India’s central position astride the main International Shipping Lanes (ISLs) also accords distinct advantages in respect of force, space and time, critical factors for maritime operations. The outer fringes of the Indian Ocean and most chokepoints are almost equidistant from India, thereby facilitating reach, sustenance and mobility of the Navy’s forces, across the region. Navies also have to operate wherever the national and maritime interests of the country demand. Using organic and cooperative capabilities, the Indian Navy has developed the capability for extended reach and sustenance away from own shores, thus ensuring security of energy and trade, which is its prime responsibility.
Although traditional threats are the raison d’etre of the Navy, in recent years, non-traditional security threats such as terrorism, piracy, robbery, IUU fishing (Illegal, Unreported and Unregulated), human/arms/drugs trafficking etc., have necessitated the Indian Navy to adapt and create fresh paradigms for maritime security. Towards this, the Navy transitioned to Mission Based Deployments in 2017, which has facilitated deployment of mission-ready ships and aircraft to maintain near continuous presence in critical shipping lanes and chokepoints. Additionally, post 26/11, the Indian Navy has also been made responsible for overall maritime, coastal and offshore security of the nation, a mandate being fulfilled on 24×7 basis in synergy with over 20 other government agencies.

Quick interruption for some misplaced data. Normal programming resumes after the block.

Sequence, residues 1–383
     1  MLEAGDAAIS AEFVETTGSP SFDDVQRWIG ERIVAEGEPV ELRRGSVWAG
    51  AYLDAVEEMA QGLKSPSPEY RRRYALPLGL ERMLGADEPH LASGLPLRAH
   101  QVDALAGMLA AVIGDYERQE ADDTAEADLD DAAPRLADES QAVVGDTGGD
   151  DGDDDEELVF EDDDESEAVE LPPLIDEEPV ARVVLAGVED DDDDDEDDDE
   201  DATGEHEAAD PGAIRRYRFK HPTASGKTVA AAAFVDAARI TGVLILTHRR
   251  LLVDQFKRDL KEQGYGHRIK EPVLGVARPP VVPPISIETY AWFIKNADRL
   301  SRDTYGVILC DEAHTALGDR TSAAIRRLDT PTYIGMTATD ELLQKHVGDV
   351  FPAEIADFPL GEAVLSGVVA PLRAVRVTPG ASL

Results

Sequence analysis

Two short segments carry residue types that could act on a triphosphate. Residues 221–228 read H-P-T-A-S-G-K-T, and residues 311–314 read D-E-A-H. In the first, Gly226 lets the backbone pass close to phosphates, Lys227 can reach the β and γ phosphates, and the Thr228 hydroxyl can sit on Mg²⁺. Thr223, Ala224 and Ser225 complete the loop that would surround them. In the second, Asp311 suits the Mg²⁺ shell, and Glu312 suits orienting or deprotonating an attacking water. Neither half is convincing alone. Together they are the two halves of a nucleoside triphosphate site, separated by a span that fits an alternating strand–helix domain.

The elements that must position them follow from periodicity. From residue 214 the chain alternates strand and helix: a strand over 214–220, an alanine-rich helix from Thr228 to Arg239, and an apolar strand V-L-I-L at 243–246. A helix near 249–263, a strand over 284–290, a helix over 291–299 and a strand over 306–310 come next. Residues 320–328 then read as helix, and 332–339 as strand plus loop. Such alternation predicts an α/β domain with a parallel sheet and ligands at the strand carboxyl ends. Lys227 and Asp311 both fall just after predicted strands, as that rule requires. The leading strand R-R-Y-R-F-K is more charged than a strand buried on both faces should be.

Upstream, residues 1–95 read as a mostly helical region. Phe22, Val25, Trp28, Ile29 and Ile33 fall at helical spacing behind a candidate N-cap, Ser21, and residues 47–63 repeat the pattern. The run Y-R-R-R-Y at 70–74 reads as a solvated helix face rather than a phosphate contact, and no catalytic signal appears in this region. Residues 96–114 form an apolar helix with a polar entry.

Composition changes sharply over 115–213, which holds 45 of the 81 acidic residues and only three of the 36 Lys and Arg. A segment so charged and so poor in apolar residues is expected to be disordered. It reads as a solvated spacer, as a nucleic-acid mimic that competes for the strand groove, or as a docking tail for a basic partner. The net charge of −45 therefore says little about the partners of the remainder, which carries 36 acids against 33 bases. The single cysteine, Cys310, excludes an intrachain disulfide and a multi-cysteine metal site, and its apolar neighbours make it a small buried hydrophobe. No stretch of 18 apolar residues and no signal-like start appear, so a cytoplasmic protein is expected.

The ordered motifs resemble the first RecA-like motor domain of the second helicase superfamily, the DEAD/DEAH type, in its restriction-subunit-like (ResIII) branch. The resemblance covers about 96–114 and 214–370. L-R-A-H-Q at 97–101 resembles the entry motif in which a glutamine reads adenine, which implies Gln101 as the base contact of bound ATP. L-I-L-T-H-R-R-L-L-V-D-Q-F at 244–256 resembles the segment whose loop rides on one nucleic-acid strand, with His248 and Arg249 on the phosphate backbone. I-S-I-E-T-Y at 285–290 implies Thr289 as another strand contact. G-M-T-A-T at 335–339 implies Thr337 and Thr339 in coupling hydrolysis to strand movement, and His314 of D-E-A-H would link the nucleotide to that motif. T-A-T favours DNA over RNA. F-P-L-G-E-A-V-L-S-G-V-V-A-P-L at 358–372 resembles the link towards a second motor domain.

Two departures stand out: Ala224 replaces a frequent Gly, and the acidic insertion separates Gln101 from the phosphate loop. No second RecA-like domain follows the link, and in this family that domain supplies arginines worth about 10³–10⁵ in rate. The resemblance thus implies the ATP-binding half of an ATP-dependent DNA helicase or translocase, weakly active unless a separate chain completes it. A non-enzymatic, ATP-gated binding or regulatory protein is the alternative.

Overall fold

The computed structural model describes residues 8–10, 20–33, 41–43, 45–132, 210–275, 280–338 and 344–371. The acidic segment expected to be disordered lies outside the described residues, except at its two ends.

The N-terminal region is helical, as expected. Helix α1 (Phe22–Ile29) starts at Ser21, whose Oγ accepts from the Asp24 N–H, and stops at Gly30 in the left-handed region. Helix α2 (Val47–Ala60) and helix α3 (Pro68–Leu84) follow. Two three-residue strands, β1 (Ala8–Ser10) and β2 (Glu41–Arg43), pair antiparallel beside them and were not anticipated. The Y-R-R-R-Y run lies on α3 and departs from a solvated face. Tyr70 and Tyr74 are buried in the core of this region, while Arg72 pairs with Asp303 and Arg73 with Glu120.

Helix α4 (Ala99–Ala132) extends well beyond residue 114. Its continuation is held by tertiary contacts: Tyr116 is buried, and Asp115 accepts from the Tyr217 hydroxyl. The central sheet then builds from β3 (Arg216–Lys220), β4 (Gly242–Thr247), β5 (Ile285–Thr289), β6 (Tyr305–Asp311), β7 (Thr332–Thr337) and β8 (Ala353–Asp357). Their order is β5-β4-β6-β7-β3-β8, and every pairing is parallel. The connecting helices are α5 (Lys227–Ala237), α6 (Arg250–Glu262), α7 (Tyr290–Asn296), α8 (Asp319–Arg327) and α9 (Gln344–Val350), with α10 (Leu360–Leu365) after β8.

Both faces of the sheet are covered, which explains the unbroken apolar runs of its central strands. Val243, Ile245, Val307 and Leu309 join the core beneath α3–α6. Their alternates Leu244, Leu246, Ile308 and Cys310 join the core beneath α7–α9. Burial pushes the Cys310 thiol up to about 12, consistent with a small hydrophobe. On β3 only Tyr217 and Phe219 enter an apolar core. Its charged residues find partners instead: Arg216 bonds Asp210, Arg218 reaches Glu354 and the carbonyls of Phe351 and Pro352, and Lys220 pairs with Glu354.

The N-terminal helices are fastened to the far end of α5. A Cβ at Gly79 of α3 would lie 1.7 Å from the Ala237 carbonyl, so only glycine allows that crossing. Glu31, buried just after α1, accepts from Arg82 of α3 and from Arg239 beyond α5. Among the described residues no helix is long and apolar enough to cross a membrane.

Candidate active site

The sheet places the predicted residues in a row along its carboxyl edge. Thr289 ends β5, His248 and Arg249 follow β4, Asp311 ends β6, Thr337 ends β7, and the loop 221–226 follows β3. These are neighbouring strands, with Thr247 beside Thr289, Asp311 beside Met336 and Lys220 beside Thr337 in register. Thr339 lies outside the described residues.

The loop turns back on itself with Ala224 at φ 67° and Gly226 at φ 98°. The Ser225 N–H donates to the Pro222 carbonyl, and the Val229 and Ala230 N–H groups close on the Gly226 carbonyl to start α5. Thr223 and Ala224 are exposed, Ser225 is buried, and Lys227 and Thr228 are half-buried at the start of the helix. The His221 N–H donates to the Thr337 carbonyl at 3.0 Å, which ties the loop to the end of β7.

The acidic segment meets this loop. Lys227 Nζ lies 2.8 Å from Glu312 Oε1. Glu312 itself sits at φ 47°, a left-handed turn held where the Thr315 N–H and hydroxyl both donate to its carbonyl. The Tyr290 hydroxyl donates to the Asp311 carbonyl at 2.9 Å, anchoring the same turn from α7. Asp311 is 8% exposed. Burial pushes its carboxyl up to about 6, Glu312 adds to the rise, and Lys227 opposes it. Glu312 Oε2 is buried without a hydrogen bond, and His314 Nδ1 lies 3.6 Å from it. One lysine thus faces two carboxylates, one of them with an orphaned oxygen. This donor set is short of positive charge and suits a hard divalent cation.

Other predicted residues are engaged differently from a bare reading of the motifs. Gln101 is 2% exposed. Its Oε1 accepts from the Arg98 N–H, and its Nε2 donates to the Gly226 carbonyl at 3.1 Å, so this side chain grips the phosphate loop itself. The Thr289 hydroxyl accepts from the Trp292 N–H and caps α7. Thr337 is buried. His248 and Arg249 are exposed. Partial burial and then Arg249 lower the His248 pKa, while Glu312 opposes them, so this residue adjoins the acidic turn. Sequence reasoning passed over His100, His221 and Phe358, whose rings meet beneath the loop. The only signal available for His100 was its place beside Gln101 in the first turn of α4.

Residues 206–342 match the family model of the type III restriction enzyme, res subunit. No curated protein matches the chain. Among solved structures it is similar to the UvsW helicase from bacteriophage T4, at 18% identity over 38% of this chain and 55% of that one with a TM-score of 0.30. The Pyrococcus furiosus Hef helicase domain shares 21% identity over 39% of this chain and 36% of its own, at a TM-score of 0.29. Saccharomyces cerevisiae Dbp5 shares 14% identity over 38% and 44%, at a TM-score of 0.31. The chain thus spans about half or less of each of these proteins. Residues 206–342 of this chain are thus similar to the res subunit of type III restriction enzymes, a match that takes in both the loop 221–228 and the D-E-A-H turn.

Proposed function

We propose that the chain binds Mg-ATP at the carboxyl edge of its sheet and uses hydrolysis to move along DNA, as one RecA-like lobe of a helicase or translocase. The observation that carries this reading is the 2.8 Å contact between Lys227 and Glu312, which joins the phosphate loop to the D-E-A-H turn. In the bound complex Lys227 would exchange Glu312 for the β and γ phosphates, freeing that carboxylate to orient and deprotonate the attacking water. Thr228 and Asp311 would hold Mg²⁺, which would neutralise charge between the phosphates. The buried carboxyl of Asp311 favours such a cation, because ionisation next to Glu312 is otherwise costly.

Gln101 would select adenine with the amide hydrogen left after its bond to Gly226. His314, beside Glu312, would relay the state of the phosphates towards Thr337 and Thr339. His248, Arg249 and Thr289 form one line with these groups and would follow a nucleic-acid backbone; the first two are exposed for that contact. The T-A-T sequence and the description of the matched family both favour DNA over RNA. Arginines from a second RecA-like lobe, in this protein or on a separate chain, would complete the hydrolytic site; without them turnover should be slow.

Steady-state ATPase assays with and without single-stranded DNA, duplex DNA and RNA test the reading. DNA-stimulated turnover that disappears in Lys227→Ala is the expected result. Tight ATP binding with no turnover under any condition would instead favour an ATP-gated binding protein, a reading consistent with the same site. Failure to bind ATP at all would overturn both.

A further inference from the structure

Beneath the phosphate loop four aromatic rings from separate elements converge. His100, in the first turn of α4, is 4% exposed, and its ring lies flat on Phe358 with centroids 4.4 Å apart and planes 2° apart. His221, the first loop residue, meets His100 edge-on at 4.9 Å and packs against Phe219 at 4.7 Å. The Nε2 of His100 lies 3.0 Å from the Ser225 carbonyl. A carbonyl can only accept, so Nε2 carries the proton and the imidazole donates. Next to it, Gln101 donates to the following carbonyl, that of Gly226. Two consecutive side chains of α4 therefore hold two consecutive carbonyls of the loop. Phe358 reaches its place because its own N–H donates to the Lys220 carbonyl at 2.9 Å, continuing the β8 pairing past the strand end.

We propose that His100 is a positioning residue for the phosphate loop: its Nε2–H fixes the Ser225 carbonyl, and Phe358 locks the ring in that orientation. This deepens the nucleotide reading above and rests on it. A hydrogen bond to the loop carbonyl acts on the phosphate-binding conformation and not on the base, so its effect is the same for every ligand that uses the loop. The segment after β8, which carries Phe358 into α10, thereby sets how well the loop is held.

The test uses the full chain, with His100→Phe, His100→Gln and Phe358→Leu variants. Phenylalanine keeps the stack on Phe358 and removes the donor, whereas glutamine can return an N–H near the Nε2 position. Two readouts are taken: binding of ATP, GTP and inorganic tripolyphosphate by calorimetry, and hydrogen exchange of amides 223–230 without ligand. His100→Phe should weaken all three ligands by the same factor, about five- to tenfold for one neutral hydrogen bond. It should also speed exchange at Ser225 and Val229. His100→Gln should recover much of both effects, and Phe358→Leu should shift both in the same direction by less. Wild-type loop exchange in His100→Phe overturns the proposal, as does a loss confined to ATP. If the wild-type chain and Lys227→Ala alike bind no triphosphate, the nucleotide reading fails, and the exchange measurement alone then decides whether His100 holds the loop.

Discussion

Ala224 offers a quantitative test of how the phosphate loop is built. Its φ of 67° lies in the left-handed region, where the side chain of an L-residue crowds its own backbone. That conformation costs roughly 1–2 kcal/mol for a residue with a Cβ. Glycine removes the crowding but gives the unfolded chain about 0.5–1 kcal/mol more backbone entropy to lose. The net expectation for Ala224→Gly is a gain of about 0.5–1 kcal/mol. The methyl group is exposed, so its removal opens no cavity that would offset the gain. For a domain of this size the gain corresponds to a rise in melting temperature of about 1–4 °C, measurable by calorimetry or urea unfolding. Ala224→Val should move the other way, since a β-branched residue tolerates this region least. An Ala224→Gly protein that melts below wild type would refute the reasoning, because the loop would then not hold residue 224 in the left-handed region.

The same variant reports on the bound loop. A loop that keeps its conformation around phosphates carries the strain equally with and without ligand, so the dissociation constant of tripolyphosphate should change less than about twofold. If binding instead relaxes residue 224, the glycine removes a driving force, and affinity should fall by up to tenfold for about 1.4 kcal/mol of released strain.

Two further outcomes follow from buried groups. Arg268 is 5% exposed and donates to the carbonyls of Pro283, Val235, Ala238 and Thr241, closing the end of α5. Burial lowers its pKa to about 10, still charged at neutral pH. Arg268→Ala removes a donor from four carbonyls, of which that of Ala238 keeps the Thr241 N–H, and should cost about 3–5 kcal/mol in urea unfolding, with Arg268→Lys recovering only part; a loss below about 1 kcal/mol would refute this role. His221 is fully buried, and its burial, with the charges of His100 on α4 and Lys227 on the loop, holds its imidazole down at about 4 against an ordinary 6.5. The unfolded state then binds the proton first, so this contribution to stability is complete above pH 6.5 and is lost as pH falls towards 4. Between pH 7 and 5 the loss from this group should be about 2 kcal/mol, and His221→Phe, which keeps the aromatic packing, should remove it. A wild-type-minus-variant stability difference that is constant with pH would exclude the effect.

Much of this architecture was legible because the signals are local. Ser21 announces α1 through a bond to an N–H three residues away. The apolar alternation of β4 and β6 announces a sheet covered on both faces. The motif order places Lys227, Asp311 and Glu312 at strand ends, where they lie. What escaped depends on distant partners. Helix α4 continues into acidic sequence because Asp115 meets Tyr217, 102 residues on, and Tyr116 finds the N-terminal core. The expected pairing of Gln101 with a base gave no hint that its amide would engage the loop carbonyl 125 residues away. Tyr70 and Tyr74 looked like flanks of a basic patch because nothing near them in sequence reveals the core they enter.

Ancient India’s naval diplomacy is recorded by Greek historian Megasthenes, who in his seminal work Indika, mentions that Ashoka the Great (250 BC) may have used the Mauryan navy for some part of the journey of his diplomatic missions to Greece, Syria, Egypt, Cyrene (Libya), Macedonia, Epirus and the Malay peninsula. Over four millennia later, under Hon’ble Prime Minister’s vision of Security And Growth for All in the Region (SAGAR), India’s Navy continues to assist friendly maritime nations in capacity building and also undertaking flag-showing visits to friendly countries (Indian Navy’s warships have visited over 100 countries since Independence).